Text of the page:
NASA’s bid to return rock samples from the surface of Mars to Earth in 2033 is already raking in the bill, with the project requiring much more funding than the 2023 mission has allocated.
During a recent hearing by The Senate Appropriations Committee’s Commerce, Justice and Science subcommittee, NASA Administrator Bill Nelson revealed that the Mars Sample Return Mission requires an additional US$250 million in the current fiscal year plus an additional US$250 million 2024 to stay on track for the launch of SpacePolicyOnline in 2028 reported.
Mars sample return is one of the most complex missions the space agency has ever attempted. The mission is a joint effort between NASA and the European Space Agency and will involve collecting rock samples been stowed by the Perseverance rover on the surface of Mars and bring them back to Earth. To do this, a fleet of spacecraft, including an orbiter, landers, two helicopters and a rocket, is assembled and sent to the Red Planet.
The mission received $822.3 million in the 2023 spending bill, and NASA requested $949.3 million for the return of Martian samples Budget proposal for 2024. The Mars sample return mission receives a portion of the overall science funding totaling $8.26 billion in the 2024 budget. 2020 NASA and ESA estimated that the mission would require a total of at least $7 billion. However, there are concerns that the true cost of the mission will be high surpass this early estimate.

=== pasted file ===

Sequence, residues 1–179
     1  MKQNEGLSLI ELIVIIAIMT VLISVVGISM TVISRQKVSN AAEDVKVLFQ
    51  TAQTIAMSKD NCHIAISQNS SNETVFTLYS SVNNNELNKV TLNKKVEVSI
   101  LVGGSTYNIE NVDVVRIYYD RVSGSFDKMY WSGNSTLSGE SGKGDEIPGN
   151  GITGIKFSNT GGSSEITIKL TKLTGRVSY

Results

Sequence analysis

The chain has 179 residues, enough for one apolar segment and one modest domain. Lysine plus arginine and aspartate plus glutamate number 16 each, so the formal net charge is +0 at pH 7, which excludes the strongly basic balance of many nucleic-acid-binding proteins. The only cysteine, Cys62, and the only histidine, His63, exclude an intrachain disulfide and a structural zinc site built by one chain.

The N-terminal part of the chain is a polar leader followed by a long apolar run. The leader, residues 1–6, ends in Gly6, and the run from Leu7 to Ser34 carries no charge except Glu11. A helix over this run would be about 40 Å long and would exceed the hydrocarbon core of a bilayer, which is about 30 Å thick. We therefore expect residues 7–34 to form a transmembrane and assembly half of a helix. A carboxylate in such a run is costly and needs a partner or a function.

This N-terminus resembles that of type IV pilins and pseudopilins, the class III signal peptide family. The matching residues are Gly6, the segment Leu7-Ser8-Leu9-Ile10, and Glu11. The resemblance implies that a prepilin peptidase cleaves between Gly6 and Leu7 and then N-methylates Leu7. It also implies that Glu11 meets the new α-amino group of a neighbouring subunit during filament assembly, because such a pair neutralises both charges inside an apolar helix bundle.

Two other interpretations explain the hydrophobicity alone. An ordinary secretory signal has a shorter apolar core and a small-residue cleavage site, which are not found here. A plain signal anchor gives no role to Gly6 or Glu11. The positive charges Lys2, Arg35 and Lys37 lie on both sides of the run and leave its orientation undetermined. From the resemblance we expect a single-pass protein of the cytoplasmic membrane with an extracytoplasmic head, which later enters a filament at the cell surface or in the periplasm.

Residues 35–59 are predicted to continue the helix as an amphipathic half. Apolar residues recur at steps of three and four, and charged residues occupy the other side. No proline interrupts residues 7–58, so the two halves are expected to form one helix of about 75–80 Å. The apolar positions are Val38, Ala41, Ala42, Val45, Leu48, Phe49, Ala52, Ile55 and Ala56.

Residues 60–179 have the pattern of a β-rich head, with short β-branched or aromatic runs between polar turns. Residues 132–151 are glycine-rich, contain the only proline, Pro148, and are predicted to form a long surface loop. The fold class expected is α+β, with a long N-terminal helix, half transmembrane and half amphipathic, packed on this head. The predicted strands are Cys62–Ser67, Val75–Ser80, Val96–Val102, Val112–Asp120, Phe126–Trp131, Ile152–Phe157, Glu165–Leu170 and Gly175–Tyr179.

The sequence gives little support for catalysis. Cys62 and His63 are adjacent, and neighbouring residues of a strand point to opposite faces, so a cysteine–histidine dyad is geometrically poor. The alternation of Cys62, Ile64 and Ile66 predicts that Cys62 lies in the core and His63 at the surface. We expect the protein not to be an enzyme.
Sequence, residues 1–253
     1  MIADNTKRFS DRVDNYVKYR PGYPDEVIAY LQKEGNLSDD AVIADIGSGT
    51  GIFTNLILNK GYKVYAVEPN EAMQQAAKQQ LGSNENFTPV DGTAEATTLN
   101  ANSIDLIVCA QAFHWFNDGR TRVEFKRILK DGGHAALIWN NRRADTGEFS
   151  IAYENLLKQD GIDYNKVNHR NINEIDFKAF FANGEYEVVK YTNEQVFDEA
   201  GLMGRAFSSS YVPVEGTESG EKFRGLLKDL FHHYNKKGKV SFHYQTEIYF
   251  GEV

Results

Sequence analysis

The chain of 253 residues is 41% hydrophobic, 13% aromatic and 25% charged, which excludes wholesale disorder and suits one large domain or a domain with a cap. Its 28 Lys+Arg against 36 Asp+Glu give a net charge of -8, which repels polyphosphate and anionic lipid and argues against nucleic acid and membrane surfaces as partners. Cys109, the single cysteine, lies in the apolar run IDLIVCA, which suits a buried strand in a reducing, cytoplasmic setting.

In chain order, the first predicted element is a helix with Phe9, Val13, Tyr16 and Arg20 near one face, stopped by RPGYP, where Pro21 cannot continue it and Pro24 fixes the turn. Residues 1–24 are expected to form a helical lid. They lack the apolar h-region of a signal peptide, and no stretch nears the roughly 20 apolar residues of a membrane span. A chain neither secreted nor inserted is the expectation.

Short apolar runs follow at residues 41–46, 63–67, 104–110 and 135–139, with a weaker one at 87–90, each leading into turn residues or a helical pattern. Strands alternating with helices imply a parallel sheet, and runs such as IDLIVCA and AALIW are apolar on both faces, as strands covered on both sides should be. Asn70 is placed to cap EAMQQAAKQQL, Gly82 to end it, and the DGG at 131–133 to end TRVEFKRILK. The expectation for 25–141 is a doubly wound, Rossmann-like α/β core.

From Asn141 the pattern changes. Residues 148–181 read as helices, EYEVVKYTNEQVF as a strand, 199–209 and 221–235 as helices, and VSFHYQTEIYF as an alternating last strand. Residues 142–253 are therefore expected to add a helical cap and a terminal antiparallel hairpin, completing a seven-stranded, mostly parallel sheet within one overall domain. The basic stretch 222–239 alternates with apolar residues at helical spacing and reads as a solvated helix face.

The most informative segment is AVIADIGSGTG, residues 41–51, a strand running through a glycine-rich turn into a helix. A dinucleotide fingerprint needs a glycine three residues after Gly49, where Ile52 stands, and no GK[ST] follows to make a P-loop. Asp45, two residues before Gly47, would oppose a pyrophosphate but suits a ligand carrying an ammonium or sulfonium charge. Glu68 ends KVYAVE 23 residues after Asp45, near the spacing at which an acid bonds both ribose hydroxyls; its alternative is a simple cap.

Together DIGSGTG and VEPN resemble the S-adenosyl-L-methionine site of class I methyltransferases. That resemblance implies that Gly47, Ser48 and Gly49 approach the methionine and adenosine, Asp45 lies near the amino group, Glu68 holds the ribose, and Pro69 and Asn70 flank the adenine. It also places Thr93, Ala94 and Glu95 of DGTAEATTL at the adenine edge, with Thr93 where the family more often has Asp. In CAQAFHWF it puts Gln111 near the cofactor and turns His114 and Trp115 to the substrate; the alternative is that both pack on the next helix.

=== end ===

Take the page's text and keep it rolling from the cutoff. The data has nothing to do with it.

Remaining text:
NASA is building a second one independent review board to oversee the return of Mars samples in an effort to keep the mission on time and on budget. If the mission needs more funding in the current fiscal year, it would force NASA to divert money elsewhere in the budget. The space agency recently had problems with budgeting, Delaying the VERITAS mission indefinitely to Venus to revive her Psyche mission to a metal rich asteroid.
The other solution would be to delay the sample return mission, which the space agency may be considering. “Some of these costs are unavoidable and we have to make decisions,” Nelson said during the subcommittee meeting quoted in Space News. “You can get it done, but maybe not exactly when we hope it’s done. If you stretch it out over a longer period of time, you can solve the problem.”
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